• A series of brief (1–2 minute) videos explaining causes of pain and how PTs might approach treatment, shared on social media and potentially as targeted YouTube advertisements.
  • Sponsored informational segments in your local newspaper or on your local news station, preferably with a unique URL (a standalone website name) to track website traffic.
  • Seasonal infographics about how to prevent common sports and activity injuries shared on social media, relevant organizations, and blogs.
  • Presentations to community groups and organizations covering relevant topics such as vertigo and imbalance treatment for senior centers, running pain and injuries for local runners’ groups, and injury prevention for local gyms.
  • An “Ask the PT” video series covering trending topics such as recent injuries to sports stars, seasonal activities, and other news events.

“Advocacy—build a movement”

In marketing, it’s rarely enough to simply tell the facts, you have to find the best way to convey the value of your service to others. Physical therapists are no strangers to advocacy; oftentimes we are evangelizing on many different fronts at the same time. Still, we tend to exist in an echo chamber of our own making, in which the benefits of PT are obvious to us, but perhaps less so to everyone else. By communicating this value through evangelists—enthusiastic employees, grateful patients, social media influencers, etc.—we can amplify our messaging in a way that is trustworthy and broad in reach. This is where a true “movement” around physical therapy in general, and your physical therapy practice in particular, is created.

Building advocacy always starts with doing what we do best: providing positive experiences, either for patients or for employees. Unfortunately, it also often ends there, with the expectation that these positive experiences will naturally translate into word-of-mouth referrals and reputation growth on their own. Sometimes this is true, but without proactively tapping into your biggest fans, you’re likely losing out on countless opportunities for others to advocate for you, and without guiding their messaging, you’re losing out on the chance to reinforce your expertise and establish thought leadership. It is crucially important that you not only encourage your community to spread the word but also provide them with the right language and resources to do so.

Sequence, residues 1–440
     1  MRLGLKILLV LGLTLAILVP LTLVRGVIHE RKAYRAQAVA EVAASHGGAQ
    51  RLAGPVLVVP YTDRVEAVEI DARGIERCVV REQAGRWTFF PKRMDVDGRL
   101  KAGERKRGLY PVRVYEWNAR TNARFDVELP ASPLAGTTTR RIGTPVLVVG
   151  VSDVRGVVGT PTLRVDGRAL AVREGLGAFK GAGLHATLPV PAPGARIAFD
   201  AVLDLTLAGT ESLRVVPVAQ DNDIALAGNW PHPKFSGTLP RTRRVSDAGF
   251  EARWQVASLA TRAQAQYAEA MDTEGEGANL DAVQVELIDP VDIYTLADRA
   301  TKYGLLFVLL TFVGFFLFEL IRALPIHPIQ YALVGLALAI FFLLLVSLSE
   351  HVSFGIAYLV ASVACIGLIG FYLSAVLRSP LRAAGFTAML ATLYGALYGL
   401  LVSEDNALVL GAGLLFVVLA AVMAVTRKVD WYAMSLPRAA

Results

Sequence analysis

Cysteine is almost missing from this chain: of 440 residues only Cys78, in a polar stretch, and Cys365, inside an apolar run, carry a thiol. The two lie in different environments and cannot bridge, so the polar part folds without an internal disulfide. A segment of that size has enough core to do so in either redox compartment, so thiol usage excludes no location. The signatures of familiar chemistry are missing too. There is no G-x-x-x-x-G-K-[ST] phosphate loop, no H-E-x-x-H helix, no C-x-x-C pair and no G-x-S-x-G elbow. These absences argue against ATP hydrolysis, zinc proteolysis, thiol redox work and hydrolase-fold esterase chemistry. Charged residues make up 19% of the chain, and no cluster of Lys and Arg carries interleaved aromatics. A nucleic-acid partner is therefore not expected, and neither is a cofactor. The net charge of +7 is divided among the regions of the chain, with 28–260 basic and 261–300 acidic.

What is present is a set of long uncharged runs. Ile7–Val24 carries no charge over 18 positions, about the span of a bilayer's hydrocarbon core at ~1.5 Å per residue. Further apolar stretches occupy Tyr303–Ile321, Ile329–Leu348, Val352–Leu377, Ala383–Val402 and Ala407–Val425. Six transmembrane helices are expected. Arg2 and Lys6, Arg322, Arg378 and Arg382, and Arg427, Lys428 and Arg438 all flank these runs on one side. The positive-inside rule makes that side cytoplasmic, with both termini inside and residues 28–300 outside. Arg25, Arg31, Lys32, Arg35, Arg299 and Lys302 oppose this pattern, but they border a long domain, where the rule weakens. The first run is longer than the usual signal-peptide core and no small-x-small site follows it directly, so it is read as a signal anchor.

Examples of this type of advocacy-building can include:

  • Onboarding all clinicians with key talking points about your clinic. Make sure to make these points clear and concise so they can be easily remembered in conversation, and focus on specifics like treatments and specializations, differentiators like your culture and approach to PT, and other facts that establish your clinicians as the primary resource for treatment for pain and injury.
  • Creating referral cards to be given to patients upon discharge. These can include information about self-referral, services offered at the clinic, contact information, and even offers for complimentary injury assessments to encourage patients to pass along to family members and friends in need.
  • Coaching patients on how to leave reviews on Google, Yelp, Facebook, and other platforms, making sure they include specifics like why they needed treatment and how physical therapy helped. As a bonus, these reviews will strengthen your search engine optimization (SEO) so your clinic appears higher in online searches!
  • Most importantly—ASK! Satisfied patients are looking for ways to show their gratitude and reciprocate in a meaningful way, and simply asking that they tell their friends, family, and colleagues about your services, or that they leave reviews, participate in testimonials, and share social media content; along with handing out things like referral cards or business cards will make a big difference in how you’re able to amplify your messaging.


1Church M, Stein S, Henderson M. 2011. Thought Leaders: How to Capture, Package, and Deliver Your Ideas for Greater Commercial Success. Auckland, NZ; HarperCollins.

Peter Decoteau

Peter Decoteau is the director of marketing at Physical Therapy & Sports Medicine Centers (PTSMC), Connecticut’s largest private practice physical therapy company. He can be reached at peter.decoteau@ptsmc.com.